31 July 2014

UN Open Working Group's Final Report Recognises Access to Information

Over the last eight months, IFLA has been updating members on its participation in meetings of the UN Open Working Group (OWG) on the Sustainable Development Goals (SDGs). This process will lead to the creation of a new post-2015 development framework which will replace the Millennium Development Goals. IFLA has advocated for the inclusion of access to information in the new framework, which in the context of this process aligned with advocacy by a number of groups on transparency and governance. This process has reached a preliminary conclusion, with positive results for libraries and access to information.

After the last session of the OWG earlier in July, a final Outcome Document was issued. IFLA welcomes Goal 16 ‘Achieve peaceful and inclusive societies, access to justice for all, and effective and capable institutions’, which not only remained firmly within the draft despite some Member State opposition, but also includes a target on access to information:

16.10 Ensure public access to information and protect fundamental freedoms, in accordance with national legislation and international agreements

Furthermore, IFLA, as a signatory to Declaration for the Inclusion of Culture in the Post-2015 UN Sustainable Development Goals, also welcomes the inclusion of culture in several of the document’s targets, including under Goal 4:  

4.7 by 2030 ensure all learners acquire knowledge and skills needed to promote sustainable development, including among others through education for sustainable development and sustainable lifestyles, human rights, gender equality, promotion of a culture of peace and non-violence, global citizenship, and appreciation of cultural diversity and of culture’s contribution to sustainable development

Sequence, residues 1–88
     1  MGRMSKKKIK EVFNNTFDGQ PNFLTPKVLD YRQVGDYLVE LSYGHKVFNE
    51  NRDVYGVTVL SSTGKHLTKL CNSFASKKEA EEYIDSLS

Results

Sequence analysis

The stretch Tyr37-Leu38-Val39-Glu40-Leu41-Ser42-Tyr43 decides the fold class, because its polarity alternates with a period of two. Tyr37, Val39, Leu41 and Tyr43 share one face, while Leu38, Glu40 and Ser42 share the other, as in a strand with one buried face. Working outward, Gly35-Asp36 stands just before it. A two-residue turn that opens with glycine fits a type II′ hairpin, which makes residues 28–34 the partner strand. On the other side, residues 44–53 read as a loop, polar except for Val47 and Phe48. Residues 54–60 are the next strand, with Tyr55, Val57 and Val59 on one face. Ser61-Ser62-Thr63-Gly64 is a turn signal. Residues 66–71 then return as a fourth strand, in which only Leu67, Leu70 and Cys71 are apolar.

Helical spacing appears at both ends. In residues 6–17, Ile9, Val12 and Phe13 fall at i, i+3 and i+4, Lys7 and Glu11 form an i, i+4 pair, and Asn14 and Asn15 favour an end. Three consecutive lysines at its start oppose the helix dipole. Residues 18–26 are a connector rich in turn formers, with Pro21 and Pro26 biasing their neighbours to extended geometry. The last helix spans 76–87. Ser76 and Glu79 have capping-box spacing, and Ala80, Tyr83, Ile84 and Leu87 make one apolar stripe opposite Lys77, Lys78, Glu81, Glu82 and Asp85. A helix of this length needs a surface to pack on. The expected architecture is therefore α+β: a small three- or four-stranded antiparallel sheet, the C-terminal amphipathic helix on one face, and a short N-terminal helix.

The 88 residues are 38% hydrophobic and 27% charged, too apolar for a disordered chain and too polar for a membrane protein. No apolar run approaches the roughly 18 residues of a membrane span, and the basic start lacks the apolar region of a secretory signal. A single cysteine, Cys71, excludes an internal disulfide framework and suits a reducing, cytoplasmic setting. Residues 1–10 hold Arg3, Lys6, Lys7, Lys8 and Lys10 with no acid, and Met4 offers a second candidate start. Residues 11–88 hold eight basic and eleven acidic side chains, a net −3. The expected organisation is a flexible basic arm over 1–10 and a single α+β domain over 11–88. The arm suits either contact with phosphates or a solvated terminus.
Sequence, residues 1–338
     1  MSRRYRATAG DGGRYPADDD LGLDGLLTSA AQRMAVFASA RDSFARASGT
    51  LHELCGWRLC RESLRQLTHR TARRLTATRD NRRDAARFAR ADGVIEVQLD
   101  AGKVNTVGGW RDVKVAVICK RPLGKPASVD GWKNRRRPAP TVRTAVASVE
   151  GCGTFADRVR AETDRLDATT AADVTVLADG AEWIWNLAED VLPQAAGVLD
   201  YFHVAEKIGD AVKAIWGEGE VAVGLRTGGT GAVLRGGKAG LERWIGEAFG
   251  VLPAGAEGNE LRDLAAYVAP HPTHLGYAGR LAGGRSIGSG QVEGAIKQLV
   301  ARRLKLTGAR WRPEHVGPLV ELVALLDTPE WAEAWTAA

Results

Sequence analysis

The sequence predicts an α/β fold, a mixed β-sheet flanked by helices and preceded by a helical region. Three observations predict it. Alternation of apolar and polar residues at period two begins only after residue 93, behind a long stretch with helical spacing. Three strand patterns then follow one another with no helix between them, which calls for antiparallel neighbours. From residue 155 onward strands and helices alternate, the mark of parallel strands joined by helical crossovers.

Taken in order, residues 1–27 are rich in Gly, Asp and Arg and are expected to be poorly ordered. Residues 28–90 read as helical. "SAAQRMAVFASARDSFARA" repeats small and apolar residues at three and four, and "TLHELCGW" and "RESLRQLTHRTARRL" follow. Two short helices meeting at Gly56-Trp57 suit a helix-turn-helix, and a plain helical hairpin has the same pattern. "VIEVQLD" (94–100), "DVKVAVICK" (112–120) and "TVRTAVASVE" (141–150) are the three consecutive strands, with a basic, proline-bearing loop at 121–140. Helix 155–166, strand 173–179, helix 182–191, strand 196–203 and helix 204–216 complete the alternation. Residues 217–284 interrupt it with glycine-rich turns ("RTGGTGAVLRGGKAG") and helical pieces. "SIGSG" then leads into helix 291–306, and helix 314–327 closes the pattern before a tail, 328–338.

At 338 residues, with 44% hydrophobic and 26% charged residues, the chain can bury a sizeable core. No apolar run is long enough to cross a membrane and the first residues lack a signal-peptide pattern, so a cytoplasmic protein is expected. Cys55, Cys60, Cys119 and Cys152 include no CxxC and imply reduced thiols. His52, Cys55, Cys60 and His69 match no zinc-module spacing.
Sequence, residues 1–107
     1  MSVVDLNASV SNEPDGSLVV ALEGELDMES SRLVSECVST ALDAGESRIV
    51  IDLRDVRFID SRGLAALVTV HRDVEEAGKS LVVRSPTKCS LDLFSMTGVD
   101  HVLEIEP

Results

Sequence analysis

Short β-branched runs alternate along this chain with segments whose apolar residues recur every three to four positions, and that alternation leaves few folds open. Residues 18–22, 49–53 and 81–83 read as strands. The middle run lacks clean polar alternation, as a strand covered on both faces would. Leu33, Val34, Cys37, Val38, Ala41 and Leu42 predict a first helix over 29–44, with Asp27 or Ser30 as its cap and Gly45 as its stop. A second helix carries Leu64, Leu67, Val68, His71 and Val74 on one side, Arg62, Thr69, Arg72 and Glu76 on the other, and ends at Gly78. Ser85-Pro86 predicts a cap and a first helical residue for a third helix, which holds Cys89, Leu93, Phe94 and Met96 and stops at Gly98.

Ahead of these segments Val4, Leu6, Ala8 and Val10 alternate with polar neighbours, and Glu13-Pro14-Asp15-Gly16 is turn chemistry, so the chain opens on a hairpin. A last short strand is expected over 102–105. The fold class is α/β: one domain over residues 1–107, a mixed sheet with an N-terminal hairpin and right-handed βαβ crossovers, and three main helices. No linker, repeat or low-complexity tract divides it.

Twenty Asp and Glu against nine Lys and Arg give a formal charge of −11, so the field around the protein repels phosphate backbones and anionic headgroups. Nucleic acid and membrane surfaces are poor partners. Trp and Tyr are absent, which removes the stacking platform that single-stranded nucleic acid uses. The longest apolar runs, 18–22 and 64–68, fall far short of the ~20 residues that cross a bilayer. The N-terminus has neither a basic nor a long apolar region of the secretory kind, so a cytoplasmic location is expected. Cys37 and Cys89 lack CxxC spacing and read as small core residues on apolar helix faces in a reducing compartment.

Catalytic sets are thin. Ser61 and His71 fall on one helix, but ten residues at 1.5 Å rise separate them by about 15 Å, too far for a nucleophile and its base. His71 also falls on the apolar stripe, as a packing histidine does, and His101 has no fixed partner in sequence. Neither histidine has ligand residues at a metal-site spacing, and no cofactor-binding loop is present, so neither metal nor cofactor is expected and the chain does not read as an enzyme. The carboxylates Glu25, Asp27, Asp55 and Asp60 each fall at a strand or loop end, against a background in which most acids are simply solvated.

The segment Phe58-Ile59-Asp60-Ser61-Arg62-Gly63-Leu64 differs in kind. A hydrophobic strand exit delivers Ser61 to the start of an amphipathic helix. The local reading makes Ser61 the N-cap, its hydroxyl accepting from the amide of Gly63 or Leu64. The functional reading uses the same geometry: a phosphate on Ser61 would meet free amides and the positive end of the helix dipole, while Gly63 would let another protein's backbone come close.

IFLA is less encouraged by the nature of language in the document relating to ICT, which does not appear ambitious enough in extending the benefits of ICT for everyone. As access to ICT is increasingly critical for all people, whether for education or for eParticipation, it should be seen as a development target for all countries and communities.

What next?

In September 2014 IFLA will provide a detailed analysis of the Outcome Document. IFLA will look closely at points within the document relevant to libraries and develop strategies and tools for members to leverage the opportunities the UN’s development framework will offer. 

Furthermore, to underpin all of its development advocacy work over the next year, IFLA has prepared a major international call to action, The Lyon Declaration on Access to Information and Development, which will be launched at this year’s WLIC in Lyon on 18 August 2014. The Lyon Declaration is an advocacy document that will be used to positively influence the content of the United Nations post-2015 development agenda. It calls upon United Nations Member States to make an international commitment through the post-2015 development agenda to ensure that everyone has access to, and is able to understand, use and share the information that is necessary to promote sustainable development and democratic societies.

Further information on the Lyon Declaration will be released during the WLIC, August 16-22.

You can follow the discussion on Twitter via #post2015, @post2015, @ifla  

Access to information, Access to knowledge, Advocacy, United States, OWG

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